Letters to Jesus (Recognizing What's Important)-10
One of the most profound but subtle flaws in the pursuit of a spiritual life is the self-satisfaction we get from our progress in it. Whatever feeds the self is a stumbling block to actual progress spiritually.
In my own life I know that I not only struggle with feelings of self-satisfaction, but that, at certain points, it actually halts me from moving on. It’s a tricky business! The fact that I am able to pray regularly makes me feel good about myself. Doing spiritual reading is like giving myself a “warm-fuzzy.” There is a powerful feeling of deficiency in my day if I miss Mass. Writing to You is time I continually look forward to; and being able to just “be” in silent sessions of centering prayer is frosting on my cake. I rejoice in all of these. I am glad that I am able to do them. They give me great feelings of self-satisfaction. So, how is it that I feel tinges of guilt about feeling so good?
The most obvious answer is that the desire to do these things is a gift of Your grace for which I should be humbly grateful – and there is nothing wrong with feeling good about that. I guess concerns in this area stem mostly from inclinations to regard both the causes and effects that play out in my spiritual journey as coming from myself. Accepting this, the next great source of wonderment is why Imight be singled out to receive such gifts. That is a mystery! Maybe these gifts are offered to many yet, at some point, the response is up to the individual. The inclination to the response is Your grace, but the actual response emanates, indeed, from the individual.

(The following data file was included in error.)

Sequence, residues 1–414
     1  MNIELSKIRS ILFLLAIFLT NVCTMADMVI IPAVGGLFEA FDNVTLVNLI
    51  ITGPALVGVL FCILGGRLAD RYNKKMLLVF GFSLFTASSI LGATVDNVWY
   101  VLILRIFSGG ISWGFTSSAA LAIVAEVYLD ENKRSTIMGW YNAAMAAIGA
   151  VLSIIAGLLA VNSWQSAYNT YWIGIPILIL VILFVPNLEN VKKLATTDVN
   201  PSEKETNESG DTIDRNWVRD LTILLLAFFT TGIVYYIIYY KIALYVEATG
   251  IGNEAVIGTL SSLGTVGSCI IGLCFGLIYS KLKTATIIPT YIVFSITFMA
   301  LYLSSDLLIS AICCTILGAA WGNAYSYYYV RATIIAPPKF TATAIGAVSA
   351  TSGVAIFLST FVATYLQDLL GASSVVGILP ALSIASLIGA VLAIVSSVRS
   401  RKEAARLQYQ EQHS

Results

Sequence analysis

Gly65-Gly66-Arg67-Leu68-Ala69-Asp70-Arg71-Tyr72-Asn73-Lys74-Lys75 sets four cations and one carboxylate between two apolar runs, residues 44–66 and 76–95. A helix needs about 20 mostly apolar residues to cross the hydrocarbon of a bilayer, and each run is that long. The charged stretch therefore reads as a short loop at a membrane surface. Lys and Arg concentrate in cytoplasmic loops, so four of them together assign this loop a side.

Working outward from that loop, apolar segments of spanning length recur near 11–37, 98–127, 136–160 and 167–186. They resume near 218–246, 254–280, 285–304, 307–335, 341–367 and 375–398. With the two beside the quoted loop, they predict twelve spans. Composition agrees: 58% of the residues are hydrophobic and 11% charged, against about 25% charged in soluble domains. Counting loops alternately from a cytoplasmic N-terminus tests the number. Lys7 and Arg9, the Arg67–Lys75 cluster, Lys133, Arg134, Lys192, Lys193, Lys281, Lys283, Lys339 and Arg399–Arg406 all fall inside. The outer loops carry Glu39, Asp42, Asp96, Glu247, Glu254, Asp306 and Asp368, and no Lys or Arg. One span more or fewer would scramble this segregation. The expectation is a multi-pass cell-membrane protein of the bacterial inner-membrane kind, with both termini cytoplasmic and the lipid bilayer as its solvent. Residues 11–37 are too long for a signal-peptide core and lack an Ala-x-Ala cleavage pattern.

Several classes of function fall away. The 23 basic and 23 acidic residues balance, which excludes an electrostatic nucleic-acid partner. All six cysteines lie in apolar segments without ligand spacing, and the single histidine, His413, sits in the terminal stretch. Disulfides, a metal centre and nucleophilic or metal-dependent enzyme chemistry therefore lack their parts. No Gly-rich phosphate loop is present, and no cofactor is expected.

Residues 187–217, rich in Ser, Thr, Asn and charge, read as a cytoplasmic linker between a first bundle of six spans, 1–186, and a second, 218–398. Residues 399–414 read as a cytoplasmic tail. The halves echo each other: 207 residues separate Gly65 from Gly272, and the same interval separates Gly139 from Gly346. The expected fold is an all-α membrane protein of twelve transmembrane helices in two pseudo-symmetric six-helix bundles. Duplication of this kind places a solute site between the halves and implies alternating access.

To feel that one has made a correct response and that one is pursuing it cannot help but elicit a certain sense of self-satisfaction. But You were never satisfied until You gave all. Thus, our self-satisfaction is never complete. The stage of satisfaction at which we find ourselves must be the motivation to continue on. Satisfaction is a temporary cause of temporary effects.